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Bill, having followed your builds over the years, you should know that you've awed and inspired many. Hearing of your humble beginnings just gives hope to that many more. Thanks for sharing the story. Keep on building, my friend!

 

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Bill, I had always assumed that you started building as a kid. I had no idea that you were a late bloomer.

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Bill.... Very cool story thanks for the memories too...LOL..  I started around the age of 6 or 7 years old when my dad got me my first kit...was hooked instantly.   Now at 54 years old I find the memories are so much more important to me of those days building with my dad back then.   I wish I could find/afford some we had built together again to have that got lost over all the years.  I am lucky enough to have whats left of my dads old collection I have been trying to find stuff so I can restore them with since a tornado here in 2011 where many of his and mine were damaged or lost.  Got to hang on to those memories and dreams...its what keeps us going.

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I built my first kit at age 6 and it was the Revell Snap Together Volkswagen bug, and have been building since then. That was 44 years ago for me! 

Image result for revell snap together volkswagen bug

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I've been at it since age 8, in 1963. My aunt bought me a '62 Studebaker Lark kit, with the rubber band power plant!

The following is a pic of one I purchased on eBay in 2009:

100_0347-vi.jpg

I went ahead and built it in much the same manner as I did when I was 8. The only difference is I cleaned up a little flash with a #11 blade.

100_0356-vi.jpg

That one got me hooked, and I've been building ever since!

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40 years? What took you so long? JK.

I was 9 years old (66 years ago) when I built my first P-40 Tomahawk Flying Tiger.

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I haven't even been alive for 40 years!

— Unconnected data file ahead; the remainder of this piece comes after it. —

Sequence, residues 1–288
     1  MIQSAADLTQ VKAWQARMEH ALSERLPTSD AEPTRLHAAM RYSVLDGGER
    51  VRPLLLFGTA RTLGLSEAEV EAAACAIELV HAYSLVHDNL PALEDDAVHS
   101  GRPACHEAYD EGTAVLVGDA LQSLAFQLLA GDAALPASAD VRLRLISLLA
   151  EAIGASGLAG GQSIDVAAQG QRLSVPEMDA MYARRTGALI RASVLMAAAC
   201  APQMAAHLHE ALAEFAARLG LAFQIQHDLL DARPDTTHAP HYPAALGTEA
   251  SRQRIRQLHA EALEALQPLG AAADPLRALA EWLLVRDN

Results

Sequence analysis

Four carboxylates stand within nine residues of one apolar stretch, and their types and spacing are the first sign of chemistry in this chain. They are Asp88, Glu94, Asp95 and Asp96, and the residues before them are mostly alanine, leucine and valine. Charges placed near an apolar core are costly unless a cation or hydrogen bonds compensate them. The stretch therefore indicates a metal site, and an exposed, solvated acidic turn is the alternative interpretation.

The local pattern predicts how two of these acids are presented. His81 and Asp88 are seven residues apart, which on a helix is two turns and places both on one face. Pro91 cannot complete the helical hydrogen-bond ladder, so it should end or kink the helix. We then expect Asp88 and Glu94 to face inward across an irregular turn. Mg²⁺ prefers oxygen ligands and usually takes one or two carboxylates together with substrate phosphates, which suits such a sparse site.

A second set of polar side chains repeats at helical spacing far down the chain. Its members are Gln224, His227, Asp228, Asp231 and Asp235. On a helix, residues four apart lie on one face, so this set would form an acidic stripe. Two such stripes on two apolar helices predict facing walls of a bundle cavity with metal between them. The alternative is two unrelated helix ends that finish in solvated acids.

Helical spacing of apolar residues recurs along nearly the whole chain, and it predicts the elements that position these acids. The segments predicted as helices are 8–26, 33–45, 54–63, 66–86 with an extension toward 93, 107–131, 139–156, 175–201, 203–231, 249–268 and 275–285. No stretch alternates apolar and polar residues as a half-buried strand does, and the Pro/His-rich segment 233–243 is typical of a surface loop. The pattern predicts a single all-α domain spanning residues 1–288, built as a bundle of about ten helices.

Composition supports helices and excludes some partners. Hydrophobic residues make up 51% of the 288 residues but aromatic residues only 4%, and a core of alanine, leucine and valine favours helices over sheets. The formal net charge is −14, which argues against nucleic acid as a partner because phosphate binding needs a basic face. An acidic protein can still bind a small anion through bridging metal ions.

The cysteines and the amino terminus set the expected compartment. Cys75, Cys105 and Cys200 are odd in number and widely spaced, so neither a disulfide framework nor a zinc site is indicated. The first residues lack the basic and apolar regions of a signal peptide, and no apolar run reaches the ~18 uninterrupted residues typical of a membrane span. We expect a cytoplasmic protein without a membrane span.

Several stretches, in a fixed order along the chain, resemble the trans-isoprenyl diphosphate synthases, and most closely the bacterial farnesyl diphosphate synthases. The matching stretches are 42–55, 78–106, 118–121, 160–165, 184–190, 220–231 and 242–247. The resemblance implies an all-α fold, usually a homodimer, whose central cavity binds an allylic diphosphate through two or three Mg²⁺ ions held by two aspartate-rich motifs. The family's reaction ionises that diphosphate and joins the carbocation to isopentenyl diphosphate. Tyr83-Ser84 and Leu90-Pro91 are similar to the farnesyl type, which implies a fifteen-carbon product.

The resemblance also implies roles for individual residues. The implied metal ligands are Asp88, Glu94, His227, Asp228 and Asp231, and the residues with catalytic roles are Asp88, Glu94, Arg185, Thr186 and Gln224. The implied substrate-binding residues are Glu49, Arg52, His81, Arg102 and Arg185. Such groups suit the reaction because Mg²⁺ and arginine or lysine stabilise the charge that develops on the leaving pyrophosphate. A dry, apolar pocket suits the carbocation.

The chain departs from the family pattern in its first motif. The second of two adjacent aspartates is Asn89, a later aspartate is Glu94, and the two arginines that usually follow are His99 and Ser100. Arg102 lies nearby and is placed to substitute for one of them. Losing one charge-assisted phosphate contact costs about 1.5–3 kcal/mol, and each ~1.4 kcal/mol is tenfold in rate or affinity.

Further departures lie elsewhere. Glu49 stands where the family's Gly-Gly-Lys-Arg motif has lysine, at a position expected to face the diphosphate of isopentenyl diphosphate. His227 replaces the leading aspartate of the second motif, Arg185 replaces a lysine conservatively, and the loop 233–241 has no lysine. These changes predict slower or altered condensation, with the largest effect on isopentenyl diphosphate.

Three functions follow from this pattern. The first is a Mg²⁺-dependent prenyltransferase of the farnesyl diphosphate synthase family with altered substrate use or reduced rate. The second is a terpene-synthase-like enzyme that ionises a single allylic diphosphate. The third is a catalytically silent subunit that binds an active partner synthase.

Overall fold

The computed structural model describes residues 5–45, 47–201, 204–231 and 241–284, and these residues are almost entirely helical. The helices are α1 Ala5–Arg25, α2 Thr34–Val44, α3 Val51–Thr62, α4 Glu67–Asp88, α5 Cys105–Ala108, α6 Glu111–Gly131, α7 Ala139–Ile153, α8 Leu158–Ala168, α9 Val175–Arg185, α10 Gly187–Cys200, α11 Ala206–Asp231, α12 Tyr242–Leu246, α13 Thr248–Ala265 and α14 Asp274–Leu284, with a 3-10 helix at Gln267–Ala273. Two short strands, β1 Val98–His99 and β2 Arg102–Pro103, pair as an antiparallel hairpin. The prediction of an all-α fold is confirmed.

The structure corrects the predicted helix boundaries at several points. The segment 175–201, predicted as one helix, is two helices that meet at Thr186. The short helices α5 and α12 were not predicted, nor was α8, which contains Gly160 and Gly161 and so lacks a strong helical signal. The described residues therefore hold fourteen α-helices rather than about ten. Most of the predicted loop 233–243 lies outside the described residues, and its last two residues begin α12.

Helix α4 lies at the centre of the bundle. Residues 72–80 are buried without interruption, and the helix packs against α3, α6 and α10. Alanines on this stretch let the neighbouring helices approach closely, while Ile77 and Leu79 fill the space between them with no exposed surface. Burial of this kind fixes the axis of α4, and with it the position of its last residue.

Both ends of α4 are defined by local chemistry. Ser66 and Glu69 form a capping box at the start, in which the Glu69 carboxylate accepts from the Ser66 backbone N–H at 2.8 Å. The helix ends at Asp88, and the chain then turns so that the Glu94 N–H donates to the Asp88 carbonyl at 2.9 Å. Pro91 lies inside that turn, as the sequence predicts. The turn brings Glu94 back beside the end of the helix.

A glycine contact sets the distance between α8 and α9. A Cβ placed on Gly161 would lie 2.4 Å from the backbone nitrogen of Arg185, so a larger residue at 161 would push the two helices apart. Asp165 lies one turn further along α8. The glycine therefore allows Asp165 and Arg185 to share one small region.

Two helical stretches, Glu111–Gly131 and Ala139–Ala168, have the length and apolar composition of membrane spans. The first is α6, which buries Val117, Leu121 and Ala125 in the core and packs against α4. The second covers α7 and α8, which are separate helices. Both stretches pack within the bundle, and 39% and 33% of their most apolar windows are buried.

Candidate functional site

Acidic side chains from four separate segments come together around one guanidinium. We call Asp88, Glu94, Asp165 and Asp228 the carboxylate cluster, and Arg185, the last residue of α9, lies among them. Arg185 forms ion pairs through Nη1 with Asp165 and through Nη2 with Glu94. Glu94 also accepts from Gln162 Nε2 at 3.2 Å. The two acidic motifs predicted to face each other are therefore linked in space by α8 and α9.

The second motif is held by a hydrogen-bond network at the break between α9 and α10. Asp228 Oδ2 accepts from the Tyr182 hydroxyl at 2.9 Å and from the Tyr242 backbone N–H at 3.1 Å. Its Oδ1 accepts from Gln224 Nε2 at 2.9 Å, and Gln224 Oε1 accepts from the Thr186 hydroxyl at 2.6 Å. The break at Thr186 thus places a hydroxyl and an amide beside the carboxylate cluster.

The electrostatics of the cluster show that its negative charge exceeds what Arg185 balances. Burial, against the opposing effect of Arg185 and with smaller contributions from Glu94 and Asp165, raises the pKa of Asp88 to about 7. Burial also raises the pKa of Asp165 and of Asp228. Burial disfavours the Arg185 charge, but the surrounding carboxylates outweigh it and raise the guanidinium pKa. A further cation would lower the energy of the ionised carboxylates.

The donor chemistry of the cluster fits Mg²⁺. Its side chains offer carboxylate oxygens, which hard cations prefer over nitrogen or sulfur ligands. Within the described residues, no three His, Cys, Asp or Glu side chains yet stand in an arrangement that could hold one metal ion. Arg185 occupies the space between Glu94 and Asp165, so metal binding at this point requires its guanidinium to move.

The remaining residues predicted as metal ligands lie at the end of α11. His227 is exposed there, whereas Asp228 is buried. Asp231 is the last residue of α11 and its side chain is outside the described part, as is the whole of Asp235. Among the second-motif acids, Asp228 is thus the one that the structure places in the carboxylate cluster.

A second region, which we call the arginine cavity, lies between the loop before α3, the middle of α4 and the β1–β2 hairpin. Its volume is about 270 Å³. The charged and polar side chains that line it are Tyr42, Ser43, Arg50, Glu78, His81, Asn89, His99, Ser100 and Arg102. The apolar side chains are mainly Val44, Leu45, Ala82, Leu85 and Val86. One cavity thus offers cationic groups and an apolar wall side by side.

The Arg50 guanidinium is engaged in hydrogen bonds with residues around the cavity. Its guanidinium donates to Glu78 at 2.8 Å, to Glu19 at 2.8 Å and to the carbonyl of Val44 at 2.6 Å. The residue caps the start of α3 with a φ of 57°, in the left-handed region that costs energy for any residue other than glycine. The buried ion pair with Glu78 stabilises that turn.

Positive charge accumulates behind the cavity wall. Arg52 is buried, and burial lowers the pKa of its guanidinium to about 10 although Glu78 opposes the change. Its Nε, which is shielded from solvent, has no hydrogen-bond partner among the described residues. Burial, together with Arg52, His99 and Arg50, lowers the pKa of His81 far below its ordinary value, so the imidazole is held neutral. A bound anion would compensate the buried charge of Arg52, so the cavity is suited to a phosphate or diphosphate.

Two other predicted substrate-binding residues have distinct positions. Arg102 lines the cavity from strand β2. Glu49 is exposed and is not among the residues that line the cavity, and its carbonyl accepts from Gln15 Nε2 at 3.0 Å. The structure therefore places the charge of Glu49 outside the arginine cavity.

Barely turning 39 in a couple of weeks.

Collectively, I've been at it for about 25 years. Had a break in there for real cars, girls and early - mid 20's debauchery.

B)

Edited by Dennis Lacy

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Am I the only one who did real cars, girls and early - mid 20's debauchery without interrupting model car building?
I ruined my first kit - an Airfix M3 Half Track, in 1973, so I'm into kit destroying for how long? 45 years?
I didn't even realise I am that old, let alone as old as I really am, thanks for reminding me, not.

I mustard mitt though that pretty much throughout the 90s until very recently I was one of those collectors.
Earlier this year I sold about 2,000 kits to a dealer and still can't believe what a burden this took off me.
I'm also down to only three real cars now. My life has changed. For the better.

Edited by Junkman

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On 11/17/2018 at 11:33 PM, Rodent said:

Bill, I had always assumed that you started building as a kid. I had no idea that you were a late bloomer.

Interesting enough, in my neighborhood (mid '60's into the early '70's) all the boys I knew built models. It didn't rub off on me though and I remember someone bought me a kit of a really wacky looking '57 Chevy which was more of a caricature of the car than the real thing. I guess I was around 10 at that point.

IIRC, I think Revell made it and it was molded in yellow-----had small wheels up front and super giant wheels in the back. Of course, I wouldn't put it together and a couple of the kids I knew BEGGED to build it. I gave it to a next door kid and within that afternoon he had it all built.